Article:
The wooden craftsmen decorate the rims,
hand panels, legs, and other parts with a technique called “makie” or
“maki-age”. The “maki-e” technique is a technique in which
white gofun (white starch powder) is piled on top of the chrysanthemums to
create a three-dimensional effect.

5. Chochin Forming and Wrapping

This is the process of creating the shape
of the chochin. First, a prototype is made by assembling the lanterns’
papier-mâché forms. Next, bamboo strips are spirally wound to fit the fine grooves
on the stretching pattern. It is extremely difficult to wind the bamboo strips,
which are less than 1 mm thick, in an even and even tension.

traditional Chochin
Source: Mainichi newspaper

6. Stringing

First, thread the bamboo strips along the
back of the papier-mâché so that the lanterns do not stretch too much. This
also serves to prevent the paper from tearing. Next, thin paper for
reinforcement, called koshibari, is attached to the upper and lower sides of
the chochin, each about the width of four or five bamboo strips. After that,
glue is applied to the bamboo strips and the paper is pasted in one section of
the papier-mache mold, one sheet at a time. The reason for pasting one sheet at
a time is to make it easier to align the joints of the pattern. After one
round, the remaining sheets are pasted on, matching the pattern.

7. Cutting the joints

After each sheet of paper is pasted on the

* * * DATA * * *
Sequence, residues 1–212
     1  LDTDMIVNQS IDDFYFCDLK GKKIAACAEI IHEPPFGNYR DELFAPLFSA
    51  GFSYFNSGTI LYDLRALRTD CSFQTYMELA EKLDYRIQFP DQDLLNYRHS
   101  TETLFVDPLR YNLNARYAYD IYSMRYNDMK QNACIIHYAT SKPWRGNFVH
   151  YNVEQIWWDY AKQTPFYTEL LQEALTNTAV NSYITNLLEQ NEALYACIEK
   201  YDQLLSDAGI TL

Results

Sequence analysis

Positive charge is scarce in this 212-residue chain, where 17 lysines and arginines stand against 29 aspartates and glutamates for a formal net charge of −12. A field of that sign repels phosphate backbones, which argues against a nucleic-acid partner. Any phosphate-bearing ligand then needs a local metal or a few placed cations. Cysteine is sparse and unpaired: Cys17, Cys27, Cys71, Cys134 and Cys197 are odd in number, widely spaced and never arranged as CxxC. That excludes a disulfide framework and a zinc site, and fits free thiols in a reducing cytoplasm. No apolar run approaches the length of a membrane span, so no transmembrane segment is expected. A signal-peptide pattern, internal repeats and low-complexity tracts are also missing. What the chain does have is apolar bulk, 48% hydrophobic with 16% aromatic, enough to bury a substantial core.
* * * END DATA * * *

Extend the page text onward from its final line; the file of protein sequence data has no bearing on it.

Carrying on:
fire pouch, carefully cut away the excess with a razor blade. If the joints
between sheets of paper are too thick, the light will be unevenly lit, so take
great care to make the joints as thin as possible, about 1 mm in diameter.

8. Die Cutting the Chochin

After the papered fire bag is dry, remove
the inner paper from the lantern. Using a spatula, carefully crease the fire
pouch and fold it carefully.

9. Painting and finishing

Unlike the technique of applying a pattern
by rubbing in a slip, this technique involves hand-painting a picture on the
plain finished tasubukuro. This technique uses Japanese painting techniques,
but requires a high level of skill and experience because it is difficult to
get the right amount of color to show through when the lantern is lit, and the
same pattern must be painted on several different lanterns without any
variation. Finally, the lanterns are completed by attaching the rings, hand
panels, tassels, and other parts.

Chochin from Gifu
Source: Jishichi